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PCS stirs nostalgia for the days of soup cans and string

PCS stirs nostalgia for the days of soup cans and string

Loose cables is an irreverent look behind the scenes at testing computer products, in particular at IDG's Infoworld lab in the US. Our insights are gleaned during the long hours spent testing, and even longer hours spent sorting through outrageous vendor claims and press releases. Some of the insights are technical, some are political, and some are just funOur editors hopefully will forgive us if we try to promote an alternative definition for acronym-of-the-moment PCS, the cellular technology that's being touted as the next big thing in mobile communication.

PCS stands for personal communication services, and PCS phones offer caller ID and voice-messaging notification in addition to other advanced features.

What they don't offer is the ability to place or receive a normal phone call. Having a conversation on a PCS phone is, at best, like talking into an oil drum. We think pretty crappy service is more like it.

After providers iron out the kinks, PCS may well be the next big thing. Meanwhile, early adopters are footing the bill for the debugging effort.

Be thankful you don't have it in Australia (yet!). But then, you have your own problems with GSM, don't you?

Spell this

Companies often provide outlets where their resident cranks, tortured artists, and Peter Pans can express creative urges not humoured in the working world. These figurative sandboxes are usually tucked away from the rest of the class, so those doing real work aren't bothered.

Take Loose Cables, for instance. Or consider the workgroups responsible for online spelling checkers, a relatively harmless place to stash the bored programmers most likely to leave a little playground humour in the code.

For instance, it seems there's a potty-mouth working behind the scenes on GroupWise's spelling checker, which has three variations on that four-letter word of all four-letter words - including "f--head," which we couldn't find in any of the dusty dictionaries on our shelf.

Pork problem leads to more puns

The proliferation of pork puns directed at Earthlink in our September 10 column drew the ire of more than a few ISP managers who felt that our efforts were a little "ham-handed" in their own right.

For them, the spam problem is more like an enormous state-fair-sized hog than "a few strips of bacon", as we put it. The volume of mail is so tremendous that in many cases it can overwhelm servers and cause service outages for everyone - spammers or not.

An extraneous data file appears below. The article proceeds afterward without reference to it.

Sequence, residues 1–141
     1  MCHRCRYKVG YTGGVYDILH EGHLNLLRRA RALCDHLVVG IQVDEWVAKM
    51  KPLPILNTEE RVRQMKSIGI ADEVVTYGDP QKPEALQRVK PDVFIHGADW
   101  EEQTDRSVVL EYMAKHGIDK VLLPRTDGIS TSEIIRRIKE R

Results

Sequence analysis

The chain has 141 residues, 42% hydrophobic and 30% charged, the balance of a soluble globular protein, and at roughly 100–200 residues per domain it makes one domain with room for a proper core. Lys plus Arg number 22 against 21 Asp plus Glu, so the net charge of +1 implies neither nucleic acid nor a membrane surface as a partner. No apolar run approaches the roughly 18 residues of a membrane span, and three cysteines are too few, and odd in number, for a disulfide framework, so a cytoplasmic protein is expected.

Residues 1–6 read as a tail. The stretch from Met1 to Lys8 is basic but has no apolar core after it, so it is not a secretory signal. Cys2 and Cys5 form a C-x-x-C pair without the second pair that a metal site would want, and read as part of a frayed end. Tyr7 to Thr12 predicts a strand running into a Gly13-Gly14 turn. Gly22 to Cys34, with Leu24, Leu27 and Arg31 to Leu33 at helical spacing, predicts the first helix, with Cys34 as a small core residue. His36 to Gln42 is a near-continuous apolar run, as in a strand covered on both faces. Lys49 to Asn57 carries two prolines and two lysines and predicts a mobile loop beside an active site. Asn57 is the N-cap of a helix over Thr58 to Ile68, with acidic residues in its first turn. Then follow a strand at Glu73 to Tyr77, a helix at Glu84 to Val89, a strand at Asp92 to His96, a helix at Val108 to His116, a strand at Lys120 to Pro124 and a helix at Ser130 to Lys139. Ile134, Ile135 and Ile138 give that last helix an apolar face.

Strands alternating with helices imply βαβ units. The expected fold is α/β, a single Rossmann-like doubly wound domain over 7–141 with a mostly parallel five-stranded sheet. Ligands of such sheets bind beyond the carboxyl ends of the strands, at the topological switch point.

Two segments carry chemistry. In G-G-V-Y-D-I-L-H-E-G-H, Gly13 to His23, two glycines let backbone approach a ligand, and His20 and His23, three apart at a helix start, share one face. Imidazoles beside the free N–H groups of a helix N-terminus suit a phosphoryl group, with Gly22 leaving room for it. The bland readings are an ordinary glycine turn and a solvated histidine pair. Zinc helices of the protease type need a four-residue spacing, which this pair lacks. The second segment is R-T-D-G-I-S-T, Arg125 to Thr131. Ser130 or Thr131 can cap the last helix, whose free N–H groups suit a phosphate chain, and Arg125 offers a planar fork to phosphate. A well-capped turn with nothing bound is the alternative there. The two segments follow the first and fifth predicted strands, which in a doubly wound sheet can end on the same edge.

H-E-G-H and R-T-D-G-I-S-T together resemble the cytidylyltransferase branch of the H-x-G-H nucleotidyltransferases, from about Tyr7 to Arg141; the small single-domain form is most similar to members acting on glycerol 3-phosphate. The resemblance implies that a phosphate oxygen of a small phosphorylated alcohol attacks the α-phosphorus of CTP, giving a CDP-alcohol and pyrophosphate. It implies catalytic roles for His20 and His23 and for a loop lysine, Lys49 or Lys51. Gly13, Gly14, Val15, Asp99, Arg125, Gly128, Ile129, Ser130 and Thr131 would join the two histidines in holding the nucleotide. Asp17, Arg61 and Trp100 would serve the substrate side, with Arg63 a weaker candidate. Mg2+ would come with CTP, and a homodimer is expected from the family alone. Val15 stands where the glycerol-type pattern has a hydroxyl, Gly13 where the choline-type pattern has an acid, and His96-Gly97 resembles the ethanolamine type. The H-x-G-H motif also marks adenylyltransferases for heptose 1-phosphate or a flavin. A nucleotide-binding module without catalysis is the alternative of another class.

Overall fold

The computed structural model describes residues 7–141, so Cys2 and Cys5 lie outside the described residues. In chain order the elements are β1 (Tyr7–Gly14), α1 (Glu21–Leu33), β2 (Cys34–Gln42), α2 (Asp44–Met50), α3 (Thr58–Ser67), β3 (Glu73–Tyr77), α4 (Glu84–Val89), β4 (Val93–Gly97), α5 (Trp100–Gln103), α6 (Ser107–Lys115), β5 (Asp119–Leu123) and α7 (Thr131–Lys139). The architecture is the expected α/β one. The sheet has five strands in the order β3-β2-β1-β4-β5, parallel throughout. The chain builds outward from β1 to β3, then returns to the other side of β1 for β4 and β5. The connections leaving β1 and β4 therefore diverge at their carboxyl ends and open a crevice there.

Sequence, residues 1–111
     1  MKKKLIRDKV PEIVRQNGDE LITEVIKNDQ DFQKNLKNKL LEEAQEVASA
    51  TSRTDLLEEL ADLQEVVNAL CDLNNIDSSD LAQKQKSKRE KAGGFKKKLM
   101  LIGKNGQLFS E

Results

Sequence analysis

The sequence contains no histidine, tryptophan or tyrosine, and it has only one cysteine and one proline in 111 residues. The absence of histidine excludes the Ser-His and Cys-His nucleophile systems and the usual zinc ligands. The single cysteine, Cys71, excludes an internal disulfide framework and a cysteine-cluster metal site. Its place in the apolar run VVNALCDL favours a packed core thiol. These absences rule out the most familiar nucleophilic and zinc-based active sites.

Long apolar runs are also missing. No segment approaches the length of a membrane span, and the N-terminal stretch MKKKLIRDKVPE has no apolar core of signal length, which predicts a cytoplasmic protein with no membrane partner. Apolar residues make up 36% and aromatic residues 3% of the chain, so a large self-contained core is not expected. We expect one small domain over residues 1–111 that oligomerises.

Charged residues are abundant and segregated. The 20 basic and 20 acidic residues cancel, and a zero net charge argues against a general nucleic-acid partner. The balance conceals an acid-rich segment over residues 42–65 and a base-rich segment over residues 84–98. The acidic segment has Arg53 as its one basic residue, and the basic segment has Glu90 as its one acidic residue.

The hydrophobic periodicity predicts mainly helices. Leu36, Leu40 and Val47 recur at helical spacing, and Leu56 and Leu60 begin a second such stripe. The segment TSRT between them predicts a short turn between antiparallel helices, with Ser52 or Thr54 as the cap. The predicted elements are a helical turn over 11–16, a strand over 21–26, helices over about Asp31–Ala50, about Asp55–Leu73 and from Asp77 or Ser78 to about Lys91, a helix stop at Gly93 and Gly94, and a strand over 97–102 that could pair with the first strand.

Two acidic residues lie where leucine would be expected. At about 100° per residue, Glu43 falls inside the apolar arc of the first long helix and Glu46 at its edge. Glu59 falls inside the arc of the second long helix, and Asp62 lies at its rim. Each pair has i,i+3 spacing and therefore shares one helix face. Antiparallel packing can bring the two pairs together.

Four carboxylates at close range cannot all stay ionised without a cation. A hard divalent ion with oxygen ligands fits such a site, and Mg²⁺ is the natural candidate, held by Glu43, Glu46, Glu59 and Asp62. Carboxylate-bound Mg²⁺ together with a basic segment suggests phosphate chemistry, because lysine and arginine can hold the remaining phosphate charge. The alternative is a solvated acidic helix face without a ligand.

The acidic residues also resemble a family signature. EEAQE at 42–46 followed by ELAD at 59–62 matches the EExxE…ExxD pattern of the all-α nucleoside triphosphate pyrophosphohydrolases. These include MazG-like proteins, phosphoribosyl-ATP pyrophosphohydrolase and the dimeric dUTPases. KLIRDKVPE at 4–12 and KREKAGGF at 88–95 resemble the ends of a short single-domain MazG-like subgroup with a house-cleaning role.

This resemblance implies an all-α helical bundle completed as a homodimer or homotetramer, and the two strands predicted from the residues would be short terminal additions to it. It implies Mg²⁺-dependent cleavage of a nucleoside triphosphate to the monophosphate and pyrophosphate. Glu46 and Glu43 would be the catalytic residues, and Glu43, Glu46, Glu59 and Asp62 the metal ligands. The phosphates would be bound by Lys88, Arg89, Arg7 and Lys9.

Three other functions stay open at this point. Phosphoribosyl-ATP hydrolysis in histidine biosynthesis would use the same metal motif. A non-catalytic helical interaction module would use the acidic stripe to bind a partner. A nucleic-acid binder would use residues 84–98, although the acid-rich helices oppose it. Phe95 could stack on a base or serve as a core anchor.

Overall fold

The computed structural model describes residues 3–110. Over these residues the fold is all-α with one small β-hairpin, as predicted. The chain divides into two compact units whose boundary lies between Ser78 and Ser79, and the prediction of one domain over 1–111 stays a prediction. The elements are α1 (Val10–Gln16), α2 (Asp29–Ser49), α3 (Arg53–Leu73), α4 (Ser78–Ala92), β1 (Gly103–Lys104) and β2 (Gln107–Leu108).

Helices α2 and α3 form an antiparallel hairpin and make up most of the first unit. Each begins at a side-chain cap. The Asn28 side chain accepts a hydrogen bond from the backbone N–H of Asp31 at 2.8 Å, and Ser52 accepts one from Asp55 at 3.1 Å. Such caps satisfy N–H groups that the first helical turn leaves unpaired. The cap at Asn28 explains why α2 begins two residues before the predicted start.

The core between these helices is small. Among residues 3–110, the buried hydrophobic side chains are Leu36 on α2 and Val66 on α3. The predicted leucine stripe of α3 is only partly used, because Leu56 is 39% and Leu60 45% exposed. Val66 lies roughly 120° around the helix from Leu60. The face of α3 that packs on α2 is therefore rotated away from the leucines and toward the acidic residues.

One reader told us that as much as half of the mail hitting his servers is from bogus domains or of otherwise suspect origin.

Another told us of regular mail bombs containing hundreds of thousands of pieces. A third said spammers recently hijacked his server to the tune of 4 million messages.

(We couldn't escape the irony that a single Loose Cables item on e-mail overload generated a small flood of replies to our own inboxes.)So, should Earthlink be lauded for taking action against a malicious horde or chastised for denying service to paying customers? Perhaps both.

We stand by our assertion that the practice of flatly refusing to relay e-mail is a major hindrance to truly mobile messaging.

But other than roasting a piglet and jamming an apple in his mouth, what will solve the spam problem?

Some respondents pointed out that Mindspring's Spaminator service we mentioned works only with a user's inbox: it doesn't protect an ISP's mail servers.

However, several readers who responded to our hog-calling tell us they have developed inbound filters based on the same principles as the Spaminator. Of course, this is a lot of work for cash- and time-strapped ISPs, and devious spammers are already rooting their way around some of the filters like insatiable sows. A common thread in all the replies was a belief that market principles could eventually lead to a solution.

If consumers stop responding to junk mail - even one piece out of a thousand - the profit would be sucked out of the whole rancid industry, sort of like liposuction for the Internet.

We won't hold our breath. Let us know if you have additional ideas, and we'll keep our eyes open for other ways to fight the fat.

RAT of the week

Given the recent christening of Intel's newest silicon baby, we thought it would be a good time to get up close and personal with our resident Tillamook guru and RAT (reviews and testing) analyst, Andre Kvitka.

Although he still had Mother Russia's milk on his upper lip at the time, Andre remembers when one micron was the supposed limit of chip miniaturisation.

"Why do we act surprised when these 'unbreakable' barriers are broken?" he wonders.

On the success of the Tillamook: "It'll do just fine," Andre says. "Like we have a choice."

Perhaps more than any other lab rat, Andre will test through pain. He's benchmarked and battery-tested with black eyes and a concussion, but it wasn't an exploding notebook that walloped him.

"Real men play ice hockey," he regularly reminds us. Despite this unfortunate tendency to exercise, Andre really does think technology is fun - in short, sweet doses though. As he puts it: "You can't eat ice cream all the time."

The crew at Loose Cables can be contacted at: loose_cables@infoworld.com


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